My friend was tracing her Arabian’s family tree. She’d driven north of Denver to see her horse’s sire and ran into a pathetic spotted colt that somehow reminded her of me. I was a self-employed artist barely making my bills, my relationship was failing, and I had a list of personal quirks that were entirely noticeable. What I didn’t have was a horse, not since leaving home a few years before. I compare not having a horse to living in a state of constant PMS. My friend probably had her reasons.
The colt was six months old, covered with manure, and scared enough that the whites of his eyes were all you could see. He was untouchable, I had no place to keep him, and no idea what it would cost, but I’d been stricken with a severe case of tunnel vision. Blind but for a broomtail colt. I came back a week later, determined to talk the rancher down in price. After two hours of active haggling, I paid full price. He could have doubled the price; he certainly read desperation in my bluff. At the last minute, he did offer to deliver the colt, a detail that hadn’t occurred to me. Not within my range of vision. The rancher was probably relieved to be rid of the two of us.
Science tells us that predators generally have front-facing eyes for depth perception to aid in hunting, but I think our eyes are close together to aid us with our tunnel vision. We are famous for missing the big picture.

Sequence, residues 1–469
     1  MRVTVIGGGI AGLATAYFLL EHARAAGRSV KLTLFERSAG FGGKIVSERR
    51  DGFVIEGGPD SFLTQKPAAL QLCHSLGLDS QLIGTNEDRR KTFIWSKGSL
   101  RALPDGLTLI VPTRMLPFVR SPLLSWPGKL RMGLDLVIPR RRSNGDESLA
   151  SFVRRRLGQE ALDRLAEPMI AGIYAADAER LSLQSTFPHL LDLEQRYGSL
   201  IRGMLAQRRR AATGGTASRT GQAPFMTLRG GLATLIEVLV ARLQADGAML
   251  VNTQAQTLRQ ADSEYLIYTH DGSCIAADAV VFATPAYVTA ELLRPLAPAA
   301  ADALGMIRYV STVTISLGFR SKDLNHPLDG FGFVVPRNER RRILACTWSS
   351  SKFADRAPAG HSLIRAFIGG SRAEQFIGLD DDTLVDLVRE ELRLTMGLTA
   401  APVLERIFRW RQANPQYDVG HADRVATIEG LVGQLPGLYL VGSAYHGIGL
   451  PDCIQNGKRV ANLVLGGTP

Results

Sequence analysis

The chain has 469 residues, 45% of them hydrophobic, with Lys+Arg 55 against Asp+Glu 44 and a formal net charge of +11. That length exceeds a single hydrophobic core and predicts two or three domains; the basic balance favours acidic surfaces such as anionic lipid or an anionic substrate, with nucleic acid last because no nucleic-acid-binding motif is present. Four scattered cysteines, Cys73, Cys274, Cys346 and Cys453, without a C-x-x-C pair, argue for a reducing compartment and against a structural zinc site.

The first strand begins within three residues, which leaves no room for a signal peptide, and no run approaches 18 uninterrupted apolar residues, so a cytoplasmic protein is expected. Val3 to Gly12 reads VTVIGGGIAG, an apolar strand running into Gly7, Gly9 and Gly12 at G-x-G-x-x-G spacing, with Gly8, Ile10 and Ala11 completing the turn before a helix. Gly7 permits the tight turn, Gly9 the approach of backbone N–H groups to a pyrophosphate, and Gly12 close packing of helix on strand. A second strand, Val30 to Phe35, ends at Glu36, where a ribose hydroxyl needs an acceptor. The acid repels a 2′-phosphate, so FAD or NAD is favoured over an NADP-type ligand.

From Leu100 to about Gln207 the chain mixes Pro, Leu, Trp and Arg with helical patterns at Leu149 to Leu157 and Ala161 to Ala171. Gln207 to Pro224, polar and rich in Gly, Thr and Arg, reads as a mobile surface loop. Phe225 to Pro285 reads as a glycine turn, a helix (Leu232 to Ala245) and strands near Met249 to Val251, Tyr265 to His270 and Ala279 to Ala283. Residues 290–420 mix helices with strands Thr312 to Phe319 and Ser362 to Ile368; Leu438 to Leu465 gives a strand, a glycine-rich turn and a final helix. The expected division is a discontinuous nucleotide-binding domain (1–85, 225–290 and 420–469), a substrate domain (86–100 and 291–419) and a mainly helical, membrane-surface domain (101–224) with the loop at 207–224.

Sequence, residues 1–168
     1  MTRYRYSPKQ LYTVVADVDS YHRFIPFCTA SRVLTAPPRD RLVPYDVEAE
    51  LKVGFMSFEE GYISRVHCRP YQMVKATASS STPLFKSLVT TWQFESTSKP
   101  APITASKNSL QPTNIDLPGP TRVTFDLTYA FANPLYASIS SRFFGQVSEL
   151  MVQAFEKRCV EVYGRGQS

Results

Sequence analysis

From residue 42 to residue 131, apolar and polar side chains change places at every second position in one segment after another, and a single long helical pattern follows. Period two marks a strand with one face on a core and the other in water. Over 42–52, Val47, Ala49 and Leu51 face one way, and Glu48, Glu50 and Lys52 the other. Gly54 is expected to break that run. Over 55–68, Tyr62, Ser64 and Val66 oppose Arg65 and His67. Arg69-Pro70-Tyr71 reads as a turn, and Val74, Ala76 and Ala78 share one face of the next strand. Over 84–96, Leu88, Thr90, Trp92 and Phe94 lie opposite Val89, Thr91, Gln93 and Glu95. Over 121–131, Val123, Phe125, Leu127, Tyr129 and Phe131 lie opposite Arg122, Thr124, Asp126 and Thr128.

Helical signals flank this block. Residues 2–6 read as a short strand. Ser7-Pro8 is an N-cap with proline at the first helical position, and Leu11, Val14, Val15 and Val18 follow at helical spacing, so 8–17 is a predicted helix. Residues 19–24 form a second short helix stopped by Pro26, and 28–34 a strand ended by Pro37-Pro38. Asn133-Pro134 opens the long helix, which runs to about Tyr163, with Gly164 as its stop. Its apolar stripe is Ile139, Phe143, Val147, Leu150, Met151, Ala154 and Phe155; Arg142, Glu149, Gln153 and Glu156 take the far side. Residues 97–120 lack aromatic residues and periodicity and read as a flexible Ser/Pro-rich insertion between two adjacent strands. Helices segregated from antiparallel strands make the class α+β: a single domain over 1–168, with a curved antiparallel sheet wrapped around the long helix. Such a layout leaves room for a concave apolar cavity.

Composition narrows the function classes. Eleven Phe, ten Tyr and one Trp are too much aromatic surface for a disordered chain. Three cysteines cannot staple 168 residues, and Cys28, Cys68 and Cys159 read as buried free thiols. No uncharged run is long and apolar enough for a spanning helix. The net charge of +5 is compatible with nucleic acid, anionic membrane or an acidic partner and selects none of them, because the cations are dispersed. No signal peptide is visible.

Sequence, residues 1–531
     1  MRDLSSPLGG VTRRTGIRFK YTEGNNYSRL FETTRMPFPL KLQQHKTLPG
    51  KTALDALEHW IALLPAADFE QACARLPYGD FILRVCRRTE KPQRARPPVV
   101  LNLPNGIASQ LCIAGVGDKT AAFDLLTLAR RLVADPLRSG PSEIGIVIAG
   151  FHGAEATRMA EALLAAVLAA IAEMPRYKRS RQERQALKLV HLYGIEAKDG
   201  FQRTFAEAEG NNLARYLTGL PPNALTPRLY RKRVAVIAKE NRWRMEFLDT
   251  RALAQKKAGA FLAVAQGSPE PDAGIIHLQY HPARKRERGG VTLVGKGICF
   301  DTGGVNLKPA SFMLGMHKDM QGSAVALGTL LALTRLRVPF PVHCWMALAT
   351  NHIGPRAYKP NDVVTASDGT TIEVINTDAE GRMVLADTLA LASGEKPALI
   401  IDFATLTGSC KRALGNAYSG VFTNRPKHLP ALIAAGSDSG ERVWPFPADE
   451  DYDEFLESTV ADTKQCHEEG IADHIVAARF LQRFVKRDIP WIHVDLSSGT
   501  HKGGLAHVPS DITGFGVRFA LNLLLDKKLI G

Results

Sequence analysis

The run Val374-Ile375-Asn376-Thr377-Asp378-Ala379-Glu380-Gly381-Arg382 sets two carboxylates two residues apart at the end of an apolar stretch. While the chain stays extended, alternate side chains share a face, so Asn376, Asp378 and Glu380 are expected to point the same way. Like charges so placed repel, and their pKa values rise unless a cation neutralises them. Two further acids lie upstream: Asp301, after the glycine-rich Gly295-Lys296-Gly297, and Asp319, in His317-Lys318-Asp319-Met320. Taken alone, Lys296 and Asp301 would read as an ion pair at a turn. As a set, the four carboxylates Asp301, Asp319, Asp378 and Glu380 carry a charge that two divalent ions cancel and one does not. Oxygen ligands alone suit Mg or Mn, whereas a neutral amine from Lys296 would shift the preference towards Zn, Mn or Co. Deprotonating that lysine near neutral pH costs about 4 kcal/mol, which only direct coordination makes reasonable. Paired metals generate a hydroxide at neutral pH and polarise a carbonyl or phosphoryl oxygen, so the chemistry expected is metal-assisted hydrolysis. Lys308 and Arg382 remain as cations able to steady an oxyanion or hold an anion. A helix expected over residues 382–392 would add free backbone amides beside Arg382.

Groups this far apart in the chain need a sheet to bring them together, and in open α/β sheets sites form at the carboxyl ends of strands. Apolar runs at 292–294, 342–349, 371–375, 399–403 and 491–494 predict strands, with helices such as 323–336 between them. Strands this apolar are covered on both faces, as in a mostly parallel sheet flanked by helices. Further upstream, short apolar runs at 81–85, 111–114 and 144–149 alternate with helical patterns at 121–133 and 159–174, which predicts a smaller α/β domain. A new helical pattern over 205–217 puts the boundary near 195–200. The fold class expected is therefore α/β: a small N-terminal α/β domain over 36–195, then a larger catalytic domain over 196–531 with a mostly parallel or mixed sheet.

The colt and I discovered boarding barns. I scrutinized his every movement, growth spurt, and health concern, managing to have tunnel vision about a million life-destroying possibilities. Once we started training in earnest when I could also focus just as fanatically on what “we” wanted to learn. Tunnel vision had served me well in my career. Adding a bit of perfectionism into the mix, I’d become a force to be reckoned with, meeting work and creative goals and moving forward with my life. You know what’s coming, don’t you?
In the first year of riding my colt, I came off five times. Once a concussion and another time, a broken elbow. Looking back on it, I think it was really a vision issue to blame for all the unplanned dismounts. My horse had an issue with how I saw things.
The high side of coming off a horse so consistently is that it expands your vision to include a wider spectrum, including fear and anxiety and dread. Goodbye, tunnel vision. Hello, rainbow anxiety. Things get real because now you’re on level footing with a thousand-pound flight animal. You see most everything as a life and death threat. It’s who horses are and how they survive. Now you have an intimate understanding of that; you’re becoming more like your horse. If you are in the game for the long run, you see anxiety as an advantage.
What I know now is that training is only as successful as we are able to understand the horse’s perspective.
An example: At some point, we were told that if a horse is afraid of something, we should march them up to the scary thing and make them look at it. It usually involved a tussle, and you know the rule, his nose must touch it, so you two just have to get through a sea of anxiety to get there. At least the two of you were working together on resisting the other. One other detail: Horses can’t see directly in front of their face. It’s a blind spot. Although horses have a 350° range of vision, most of it is side vision. That’s huge, humans only have about 120°, just in front. The thing we think of as being like peripheral vision is their strong suit. In other words, horses are designed to see the big picture but miss the tunnel vision view.